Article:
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Grand Hotel gifted to create nonprofit Center for Arts and Culture

Citizens Bank Minnesota partner in obtaining State and Federal Historic Tax Credits for The Grand building development

October 26, 2012
The Journal

This week the family of Phillip H. Gross, the original builder of the Grand Hotel, gifted The Grand Hotel Building at 210 N. Minnesota St. to a new entity that includes the nonprofit Grand Center for Arts and Culture (GCAC.) The building has been owned by the Gross/Makepeace family since 2000 and is now being developed into a four-story arts and cultural center for the residents of New Ulm. The development is underway and will include a three- story addition with an elevator to all four floors, live performance space on the first floor in the Kabaret, artist studios, a community gallery funded primarily through the New Ulm Area Foundation, music lesson space, a recording studio, arts and cultural education space and space for the healing arts, such as yoga.

"The development of my ancestor's building into a community space has been my dream since we purchased the building 11 years ago," said Anne Makepeace, fifth generation descendant of Phillip Gross. "We have done our homework and believe there is a need for this type of community space in downtown New Ulm. We expect that the building will be full of life and be a vibrant part of Mainstreet, just like the building was when it was one of the city's premier early hotels."

Several other organizations have provided support for this project, including the New Ulm Actors Community Theatre acting as a special consulting partner and Citizens Bank Minnesota which will act as a partner and conduit for state and federal Historic Structure Tax Credits. Through the unique partnership with Citizens Bank of Minnesota, the GCAC will qualify for State and Federal Historic Structure Tax Credits of $455,000. This is a major cornerstone to the fundraising efforts that will continue this fall and winter. The total costs of the project are expected to be approximately $2 million with an estimated completion date of fall 2013.

Article Photos

Submitted photo
Anne Makepeace, third from left, announced Thursday that the Grand Hotel has been gifted to a new entity that includes the nonprofit Grand Center for Arts and Culture (GCAC.) Individuals involved with the project include Paul Warshauer, left, NUACT executive director; Lou Geistfeld, second from left, president of Citizens Bank Minnesota; and Dick Kimmel, right, board chair of the Grand Center for Arts and Culture. NUACT is a partner in the project as a consulting nonprofit due the performance arts piece of the project. Geistfeld recently presented a check for $250,000 to Makepeace as the first installment of the $455,000 tax credit amount that the Grand is going to qualify for with the partnership of the bank.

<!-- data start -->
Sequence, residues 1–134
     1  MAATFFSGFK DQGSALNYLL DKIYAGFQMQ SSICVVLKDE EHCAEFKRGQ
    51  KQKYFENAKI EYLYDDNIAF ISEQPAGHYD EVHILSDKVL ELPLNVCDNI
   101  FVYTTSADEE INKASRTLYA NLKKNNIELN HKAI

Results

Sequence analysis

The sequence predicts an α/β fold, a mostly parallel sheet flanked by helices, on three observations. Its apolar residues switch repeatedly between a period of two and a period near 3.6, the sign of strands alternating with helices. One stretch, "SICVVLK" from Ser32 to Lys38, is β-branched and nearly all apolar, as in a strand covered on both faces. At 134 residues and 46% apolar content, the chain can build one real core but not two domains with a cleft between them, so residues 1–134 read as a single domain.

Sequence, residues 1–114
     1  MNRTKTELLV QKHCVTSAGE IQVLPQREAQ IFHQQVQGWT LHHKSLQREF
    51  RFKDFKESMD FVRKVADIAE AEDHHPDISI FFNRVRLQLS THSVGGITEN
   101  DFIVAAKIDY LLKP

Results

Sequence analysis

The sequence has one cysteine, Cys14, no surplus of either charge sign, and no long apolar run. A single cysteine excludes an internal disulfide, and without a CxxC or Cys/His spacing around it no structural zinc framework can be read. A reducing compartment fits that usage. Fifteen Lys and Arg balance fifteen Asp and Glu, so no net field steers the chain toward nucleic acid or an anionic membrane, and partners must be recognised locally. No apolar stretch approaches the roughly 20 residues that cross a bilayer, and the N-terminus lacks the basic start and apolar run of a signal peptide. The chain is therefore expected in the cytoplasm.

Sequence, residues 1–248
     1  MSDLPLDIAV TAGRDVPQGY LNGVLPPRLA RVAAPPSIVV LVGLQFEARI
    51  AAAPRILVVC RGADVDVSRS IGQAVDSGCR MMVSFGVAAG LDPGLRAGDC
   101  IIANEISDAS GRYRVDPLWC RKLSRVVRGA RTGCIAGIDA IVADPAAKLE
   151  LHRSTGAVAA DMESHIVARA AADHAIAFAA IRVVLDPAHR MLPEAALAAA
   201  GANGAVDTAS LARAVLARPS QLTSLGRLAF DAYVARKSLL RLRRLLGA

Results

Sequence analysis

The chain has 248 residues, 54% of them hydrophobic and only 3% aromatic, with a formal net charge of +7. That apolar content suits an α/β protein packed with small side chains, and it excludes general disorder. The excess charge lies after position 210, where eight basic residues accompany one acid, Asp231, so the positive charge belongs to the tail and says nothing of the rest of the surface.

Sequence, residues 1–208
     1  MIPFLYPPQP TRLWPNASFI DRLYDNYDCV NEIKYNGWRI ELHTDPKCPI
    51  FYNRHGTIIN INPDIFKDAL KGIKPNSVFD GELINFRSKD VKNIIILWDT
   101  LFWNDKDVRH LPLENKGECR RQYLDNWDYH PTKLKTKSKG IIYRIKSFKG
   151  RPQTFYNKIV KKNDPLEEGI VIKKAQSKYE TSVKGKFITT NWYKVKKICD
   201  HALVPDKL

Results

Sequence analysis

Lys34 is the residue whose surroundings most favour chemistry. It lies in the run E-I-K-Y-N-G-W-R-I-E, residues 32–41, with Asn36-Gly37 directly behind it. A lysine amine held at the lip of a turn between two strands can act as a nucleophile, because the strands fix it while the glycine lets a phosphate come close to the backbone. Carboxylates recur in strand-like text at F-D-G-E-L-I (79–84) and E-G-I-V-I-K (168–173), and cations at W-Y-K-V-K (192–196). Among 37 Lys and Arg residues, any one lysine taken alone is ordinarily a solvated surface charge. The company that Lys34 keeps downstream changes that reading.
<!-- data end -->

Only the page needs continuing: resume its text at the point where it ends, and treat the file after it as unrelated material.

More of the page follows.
Citizens Bank Minnesota President Lou Geistfeld said, "We were pleased to be able to assist the Grand Center for Arts and Culture in obtaining the Historic Preservation Tax credit monies. Not only are they restoring a beautiful old building that has historic significance, they will be providing a home for local artists, actors and musicians to develop and display their talents. The restored building will be a regional hub for arts and culture and will draw many people to New Ulm - people who will also shop, eat and sleep here. We think it will be a great attraction for our community and are grateful that we have the talented and motivated people in this community willing to take on such an important project."

The original Grand Hotel was built in 1856 by Phillip Gross and re-built twice on the same site. The current structure dates from 1875 and is on the National Register of Historic Places. Its historical and cultural significance makes the beautiful three- story building the perfect home for the proposed arts and cultural center.

The Federal and State Historic Structures Tax Credits are in place to encourage the development and re-use of historic structures, thus generating jobs and economic development in communities across the state and country. In order to obtain Historic Structures tax credits, the GCAC needed to partner with a profitable C corporation or other entity. Because Citizens Bank Minnesota is a privately owned company whose stock is widely held by residents of the New Ulm Area, it is a C corporation that qualifies to participate in this community development project. This coupled with the fact that it is the only bank charter with its home office in New Ulm, made Citizens a logical choice to get involved with this project.

 
 

 

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